Linking Literature Data Extraction with Domain Specific Materials Informatics
Orbital Graph Convolutional Neural Network for Material Property Prediction
Material representations that are compatible with machine learning models play a key role in developing models that exhibit high accuracy for property prediction. Atomic orbital interactions are one of the important factors that govern the properties of crystalline materials, from which the local chemical environments of atoms is inferred. Therefore, to develop robust machine learning models for material properties prediction, it is imperative to include features representing such chemical attributes. Here, we propose the Orbital Graph Convolutional Neural Network (OGCNN), a crystal graph convolutional neural network framework that includes atomic orbital interaction features that learns material properties in a robust way. In addition, we embedded an encoder-decoder network into the OGCNN enabling it to learn important features among basic atomic (elemental features), orbital-orbital interactions, and topological features. We examined the performance of this model on a broad range of crystalline material data to predict different properties. We benchmarked the performance of the OGCNN model with that of: 1) the crystal graph convolutional neural network (CGCNN), 2) other state-of-the-art descriptors for material representations including Many-body Tensor Representation (MBTR) and the Smooth Overlap of Atomic Positions (SOAP), and 3) other conventional regression machine learning algorithms where different crystal featurization methods have been used. We find that OGCNN significantly outperforms them. The OGCNN model with high predictive accuracy can be used to discover new materials among the immense phase and compound spaces of materials.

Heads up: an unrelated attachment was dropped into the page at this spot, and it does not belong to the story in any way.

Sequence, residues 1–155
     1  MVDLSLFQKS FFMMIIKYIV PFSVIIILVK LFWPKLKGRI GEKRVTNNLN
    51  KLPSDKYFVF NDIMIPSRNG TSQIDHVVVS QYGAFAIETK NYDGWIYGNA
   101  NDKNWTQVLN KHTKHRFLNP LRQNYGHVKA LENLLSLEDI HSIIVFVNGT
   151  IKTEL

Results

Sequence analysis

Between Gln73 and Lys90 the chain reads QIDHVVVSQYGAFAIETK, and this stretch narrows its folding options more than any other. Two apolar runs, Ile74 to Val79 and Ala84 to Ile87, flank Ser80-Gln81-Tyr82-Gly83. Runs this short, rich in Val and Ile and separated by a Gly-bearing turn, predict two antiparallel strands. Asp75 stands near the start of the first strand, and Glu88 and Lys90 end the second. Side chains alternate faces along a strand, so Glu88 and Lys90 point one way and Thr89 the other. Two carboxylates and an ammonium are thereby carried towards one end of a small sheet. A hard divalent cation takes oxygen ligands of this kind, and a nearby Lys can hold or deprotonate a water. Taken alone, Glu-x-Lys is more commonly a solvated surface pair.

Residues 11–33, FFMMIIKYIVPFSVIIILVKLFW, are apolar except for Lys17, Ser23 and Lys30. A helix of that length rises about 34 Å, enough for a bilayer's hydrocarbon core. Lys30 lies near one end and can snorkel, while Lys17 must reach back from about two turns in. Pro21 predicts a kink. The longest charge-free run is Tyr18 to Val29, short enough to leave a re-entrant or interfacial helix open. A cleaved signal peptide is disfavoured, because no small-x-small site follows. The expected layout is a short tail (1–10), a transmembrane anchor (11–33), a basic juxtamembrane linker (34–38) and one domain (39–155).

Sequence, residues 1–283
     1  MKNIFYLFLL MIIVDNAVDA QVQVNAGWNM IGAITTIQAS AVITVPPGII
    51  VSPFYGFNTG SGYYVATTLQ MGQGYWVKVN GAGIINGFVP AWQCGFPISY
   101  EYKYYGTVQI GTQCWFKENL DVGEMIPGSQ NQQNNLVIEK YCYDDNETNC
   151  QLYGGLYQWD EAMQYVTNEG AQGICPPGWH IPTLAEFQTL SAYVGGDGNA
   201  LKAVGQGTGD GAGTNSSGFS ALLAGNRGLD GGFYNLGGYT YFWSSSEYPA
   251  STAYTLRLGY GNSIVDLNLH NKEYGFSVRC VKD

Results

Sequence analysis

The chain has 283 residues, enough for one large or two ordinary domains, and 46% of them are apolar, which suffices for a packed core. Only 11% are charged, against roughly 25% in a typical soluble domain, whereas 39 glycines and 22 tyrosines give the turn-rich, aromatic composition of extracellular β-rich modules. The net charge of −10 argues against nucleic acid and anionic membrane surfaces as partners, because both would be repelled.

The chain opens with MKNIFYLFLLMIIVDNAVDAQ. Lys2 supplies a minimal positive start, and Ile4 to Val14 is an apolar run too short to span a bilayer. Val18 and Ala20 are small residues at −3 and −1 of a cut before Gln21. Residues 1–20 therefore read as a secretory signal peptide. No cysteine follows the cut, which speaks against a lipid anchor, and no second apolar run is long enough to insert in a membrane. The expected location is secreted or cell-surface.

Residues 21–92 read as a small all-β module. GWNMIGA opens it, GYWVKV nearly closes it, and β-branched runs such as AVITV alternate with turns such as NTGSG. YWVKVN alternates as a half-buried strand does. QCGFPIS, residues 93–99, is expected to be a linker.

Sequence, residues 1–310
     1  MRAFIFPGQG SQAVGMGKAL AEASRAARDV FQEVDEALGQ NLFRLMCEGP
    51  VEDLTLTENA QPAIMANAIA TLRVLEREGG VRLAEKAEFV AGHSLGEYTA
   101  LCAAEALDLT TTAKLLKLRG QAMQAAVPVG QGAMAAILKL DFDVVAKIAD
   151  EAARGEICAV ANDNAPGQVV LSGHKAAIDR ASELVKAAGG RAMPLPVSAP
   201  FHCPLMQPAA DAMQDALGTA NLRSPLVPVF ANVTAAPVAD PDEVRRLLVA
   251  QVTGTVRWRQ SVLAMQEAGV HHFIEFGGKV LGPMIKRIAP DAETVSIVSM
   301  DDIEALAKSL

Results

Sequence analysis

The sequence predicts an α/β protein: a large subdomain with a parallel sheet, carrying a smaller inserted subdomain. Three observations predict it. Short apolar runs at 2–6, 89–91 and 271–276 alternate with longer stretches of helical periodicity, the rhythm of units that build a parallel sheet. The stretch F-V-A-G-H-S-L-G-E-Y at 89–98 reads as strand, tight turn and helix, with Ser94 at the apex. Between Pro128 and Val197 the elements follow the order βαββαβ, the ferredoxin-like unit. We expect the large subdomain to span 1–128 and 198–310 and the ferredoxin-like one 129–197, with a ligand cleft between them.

Materials Design and Discovery with Autonomous Systems
Autonomous research platforms are becoming more prominent in materials science, aiming to reduce the time it takes to discover, optimize, synthesize and characterize new technological materials. These platforms entail coupling of automation systems for parallel execution of computational or physical experiments with artificial intelligence (AI) based decision-making systems, and hence require a concerted, multidisciplinary effort to design, build and maintain. In this talk, I will highlight our recent progress on development of such autonomous systems for materials research and provide examples in areas of on-demand cloud-computing based discovery and predictive synthesis of inorganic compounds.
Day 1 Wrap Up/Day 2 Preview
Close of Day 1
October 07, 2020
Session 3: AI in Materials Production and Industry
Keynote Address: Materials Design in Electronics Industry: Application of Materials Informatics and Cloud Computing Environment to the Design of Organic Carrier Transport Materials
In addition to the boosting of CPU power resulting from the progress of semiconductor technology, recent expansion of the cloud computing environment is creating a huge impact on materials design based on computational chemistry by drastically increasing the number of candidate molecules that can be calculated within a reasonable timeframe. Furthermore, rapid progress in the area of materials informatics (MI) is accelerating the speed of performing prediction of material properties; now a prediction can be made within milliseconds by MI, as compared to hours or even days by conventional computational methods. This progress has enabled performing massive screening of millions of materials that might show desired properties. Results of the progress of recent AI-related technologies are further being introduced to the area of materials development in the form of various proposals to realize inverse materials design.